At the direction of President Biden’s 2021 cybersecurity executive order, the Department of Homeland Security on Thursday announced the standup of a review board comprised of government and industry experts to conduct post-incident analyses of significant cyber events and provide advice and recommendations based on lessons learned to the broader security community.
The Cyber Safety Review Board (CSRB) will first take-up vulnerabilities discovered in late 2021 in the log4j software library that are being exploited by threat actors and represent an ongoing threat, DHS said. The board does not have enforcement authorities.
The first report is due this summer and will include threat activity and known impacts, mitigation actions taken by government and industry, recommendations to address ongoing concerns and for improving cybersecurity and incident response practices and policies.
“As one of the most serious vulnerabilities discovered in recent years, its examination will generate many lessons learned for the cybersecurity community,” the department said. The decision to focus on the log4j vulnerability was made by the White House and DHS, it said.
DHS said it will share a redacted public version of the report that protects privacy and confidential information.
The 15-member CRSB is chaired by Robert Silvers, DHS under secretary for policy, and Heather Adkins, senior director for security engineering at Google [GOOG], who is deputy chair. The board will be managed and funded by the DHS Cybersecurity and Infrastructure Security Agency (CISA) and its members appointed by Jen Easterly, the agency’s director.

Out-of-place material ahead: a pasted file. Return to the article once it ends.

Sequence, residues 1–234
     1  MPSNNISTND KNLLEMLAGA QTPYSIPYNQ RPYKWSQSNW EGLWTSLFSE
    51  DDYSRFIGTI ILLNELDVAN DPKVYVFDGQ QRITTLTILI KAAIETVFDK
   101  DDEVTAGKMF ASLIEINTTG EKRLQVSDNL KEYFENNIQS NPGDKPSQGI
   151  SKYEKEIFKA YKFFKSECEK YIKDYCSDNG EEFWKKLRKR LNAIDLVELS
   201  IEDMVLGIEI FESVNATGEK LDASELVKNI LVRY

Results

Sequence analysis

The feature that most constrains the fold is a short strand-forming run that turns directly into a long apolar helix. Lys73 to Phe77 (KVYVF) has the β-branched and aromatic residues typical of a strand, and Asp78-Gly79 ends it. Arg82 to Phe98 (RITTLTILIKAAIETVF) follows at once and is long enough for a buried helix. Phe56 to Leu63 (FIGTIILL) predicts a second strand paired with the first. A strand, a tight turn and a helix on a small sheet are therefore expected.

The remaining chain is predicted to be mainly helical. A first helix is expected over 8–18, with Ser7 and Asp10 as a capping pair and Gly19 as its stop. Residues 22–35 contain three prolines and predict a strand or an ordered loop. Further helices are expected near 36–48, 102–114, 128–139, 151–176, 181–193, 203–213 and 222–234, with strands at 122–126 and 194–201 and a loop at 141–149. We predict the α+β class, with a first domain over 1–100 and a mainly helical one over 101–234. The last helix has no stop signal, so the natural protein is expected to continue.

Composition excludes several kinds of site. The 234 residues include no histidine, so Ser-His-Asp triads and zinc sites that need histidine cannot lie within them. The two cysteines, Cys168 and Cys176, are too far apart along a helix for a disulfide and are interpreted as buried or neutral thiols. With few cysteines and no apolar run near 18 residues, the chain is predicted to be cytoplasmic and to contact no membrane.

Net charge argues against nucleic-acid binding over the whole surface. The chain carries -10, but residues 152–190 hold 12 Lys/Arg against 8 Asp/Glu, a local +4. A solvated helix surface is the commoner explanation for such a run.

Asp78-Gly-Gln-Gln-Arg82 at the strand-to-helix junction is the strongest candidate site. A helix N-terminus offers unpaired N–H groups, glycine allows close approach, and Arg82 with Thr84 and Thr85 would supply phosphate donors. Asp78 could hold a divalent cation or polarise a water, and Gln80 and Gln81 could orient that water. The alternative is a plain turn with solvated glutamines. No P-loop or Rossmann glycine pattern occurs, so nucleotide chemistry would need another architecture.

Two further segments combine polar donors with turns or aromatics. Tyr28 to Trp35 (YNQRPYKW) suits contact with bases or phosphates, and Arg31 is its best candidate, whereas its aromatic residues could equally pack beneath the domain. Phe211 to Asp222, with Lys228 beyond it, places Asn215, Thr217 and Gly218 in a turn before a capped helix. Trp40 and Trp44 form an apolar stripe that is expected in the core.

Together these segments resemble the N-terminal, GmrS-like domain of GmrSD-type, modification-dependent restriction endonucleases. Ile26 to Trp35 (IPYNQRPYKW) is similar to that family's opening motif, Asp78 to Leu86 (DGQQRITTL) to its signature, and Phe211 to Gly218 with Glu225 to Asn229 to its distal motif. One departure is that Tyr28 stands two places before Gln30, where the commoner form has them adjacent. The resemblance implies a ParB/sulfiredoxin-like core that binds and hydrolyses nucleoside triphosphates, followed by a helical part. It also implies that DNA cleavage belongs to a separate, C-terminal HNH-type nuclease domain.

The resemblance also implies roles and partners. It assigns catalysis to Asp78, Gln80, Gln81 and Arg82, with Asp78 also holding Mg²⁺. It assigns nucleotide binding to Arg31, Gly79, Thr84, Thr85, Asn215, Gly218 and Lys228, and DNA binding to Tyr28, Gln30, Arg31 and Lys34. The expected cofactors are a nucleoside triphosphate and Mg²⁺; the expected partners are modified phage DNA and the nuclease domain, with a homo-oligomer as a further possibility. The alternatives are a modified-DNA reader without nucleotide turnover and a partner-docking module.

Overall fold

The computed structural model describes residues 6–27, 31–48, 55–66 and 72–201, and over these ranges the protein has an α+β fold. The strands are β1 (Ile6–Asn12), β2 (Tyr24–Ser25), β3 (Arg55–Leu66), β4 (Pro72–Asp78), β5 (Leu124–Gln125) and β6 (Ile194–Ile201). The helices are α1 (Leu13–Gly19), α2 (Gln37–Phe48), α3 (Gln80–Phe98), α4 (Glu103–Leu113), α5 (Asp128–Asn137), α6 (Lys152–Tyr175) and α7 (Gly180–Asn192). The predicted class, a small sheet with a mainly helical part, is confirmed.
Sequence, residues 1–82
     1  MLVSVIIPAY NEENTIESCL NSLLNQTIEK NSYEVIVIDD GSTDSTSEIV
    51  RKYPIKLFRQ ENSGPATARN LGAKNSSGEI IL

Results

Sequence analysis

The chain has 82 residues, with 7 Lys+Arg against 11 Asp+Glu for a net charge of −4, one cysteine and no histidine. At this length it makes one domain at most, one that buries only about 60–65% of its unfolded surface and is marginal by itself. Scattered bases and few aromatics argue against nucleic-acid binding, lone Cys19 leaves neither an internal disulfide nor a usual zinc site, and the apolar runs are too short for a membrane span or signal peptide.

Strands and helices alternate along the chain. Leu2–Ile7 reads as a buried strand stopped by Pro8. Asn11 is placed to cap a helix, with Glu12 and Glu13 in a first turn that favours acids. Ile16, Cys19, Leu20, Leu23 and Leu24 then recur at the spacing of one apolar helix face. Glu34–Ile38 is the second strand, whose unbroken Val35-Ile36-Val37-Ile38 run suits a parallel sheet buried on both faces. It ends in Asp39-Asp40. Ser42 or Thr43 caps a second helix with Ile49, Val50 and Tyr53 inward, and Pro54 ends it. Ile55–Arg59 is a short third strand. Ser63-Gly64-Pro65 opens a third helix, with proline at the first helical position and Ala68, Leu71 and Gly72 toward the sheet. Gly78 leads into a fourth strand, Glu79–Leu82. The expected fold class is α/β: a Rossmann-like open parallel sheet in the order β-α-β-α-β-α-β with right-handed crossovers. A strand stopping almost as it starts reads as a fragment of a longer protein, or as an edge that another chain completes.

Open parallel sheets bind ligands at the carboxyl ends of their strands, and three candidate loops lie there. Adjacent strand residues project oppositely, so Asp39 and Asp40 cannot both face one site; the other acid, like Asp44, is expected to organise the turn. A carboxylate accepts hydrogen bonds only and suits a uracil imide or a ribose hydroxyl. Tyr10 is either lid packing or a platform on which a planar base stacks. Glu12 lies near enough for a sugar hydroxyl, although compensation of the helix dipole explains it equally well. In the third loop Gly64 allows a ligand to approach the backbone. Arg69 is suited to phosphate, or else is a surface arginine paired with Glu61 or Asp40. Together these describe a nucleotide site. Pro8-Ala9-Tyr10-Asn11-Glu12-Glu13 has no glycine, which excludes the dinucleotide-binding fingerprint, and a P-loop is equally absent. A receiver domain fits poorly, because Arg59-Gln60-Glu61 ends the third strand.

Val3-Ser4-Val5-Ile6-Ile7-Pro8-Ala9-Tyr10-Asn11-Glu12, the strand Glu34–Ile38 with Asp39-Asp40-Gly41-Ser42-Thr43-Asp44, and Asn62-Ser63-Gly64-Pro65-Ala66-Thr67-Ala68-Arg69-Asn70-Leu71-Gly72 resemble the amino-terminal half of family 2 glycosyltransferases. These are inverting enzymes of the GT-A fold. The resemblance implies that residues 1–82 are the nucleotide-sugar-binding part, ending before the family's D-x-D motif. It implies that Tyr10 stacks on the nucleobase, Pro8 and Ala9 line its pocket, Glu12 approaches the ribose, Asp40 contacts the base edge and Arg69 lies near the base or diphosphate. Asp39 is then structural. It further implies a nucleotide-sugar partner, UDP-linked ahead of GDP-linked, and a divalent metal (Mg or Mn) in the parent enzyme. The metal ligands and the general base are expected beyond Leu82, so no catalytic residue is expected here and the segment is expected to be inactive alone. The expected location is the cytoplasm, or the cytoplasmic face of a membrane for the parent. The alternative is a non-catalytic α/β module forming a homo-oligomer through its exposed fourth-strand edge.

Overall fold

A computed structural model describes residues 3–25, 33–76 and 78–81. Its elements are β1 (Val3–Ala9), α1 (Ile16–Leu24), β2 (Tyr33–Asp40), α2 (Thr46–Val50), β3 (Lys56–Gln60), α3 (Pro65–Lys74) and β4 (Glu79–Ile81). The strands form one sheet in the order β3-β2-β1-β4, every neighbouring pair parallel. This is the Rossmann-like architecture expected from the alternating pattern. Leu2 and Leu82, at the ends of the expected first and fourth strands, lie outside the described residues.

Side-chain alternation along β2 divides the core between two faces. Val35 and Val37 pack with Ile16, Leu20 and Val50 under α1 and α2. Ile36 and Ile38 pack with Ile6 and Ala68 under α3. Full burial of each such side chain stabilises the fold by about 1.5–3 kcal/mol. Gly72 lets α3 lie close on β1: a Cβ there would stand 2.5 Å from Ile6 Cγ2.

“A continuous learning culture is critical to staying ahead of the increasingly sophisticated cyber threats we face in today’s complex technology landscape,” Easterly said in a statement. “Over two decades in the Army, I learned the importance of a detailed and transparent after-action review process in unpacking both failures and successes.”
Other board members include Dmitri Alperovitch, chairman of the Silverado Policy Accelerator, John Carlin, principal associate deputy attorney general, Chris DeRusha, the federal chief information security officer, National Cyber Director Chris Inglis, Rob Joyce, cybersecurity director for the National Security Agency, Katie Moussouris, founder and CEO of Luta Security, David Mussington, executive assistant director for infrastructure security at CISA, Chris Novak, managing director of Verizon’s [VZN] Threat Research Advisory Center, Tony Sager, senior vice president, Center for Internet Security, John Sherman, chief information officer at the Defense Department, Bryan Vorndran, assistant director of the FBI’s Cyber Division, Kemba Walden, assistant general counsel, Digital Crimes Unit at Microsoft [MSFT], and Wendi Whitmore, senior vice president, Unit 42, Palo Alto Networks [PANW].
“The CSRB is a ground-breaking opportunity to conduct holistic reviews and provide forward-thinking solutions that cut across organizations and sectors,” Adkins said in a statement.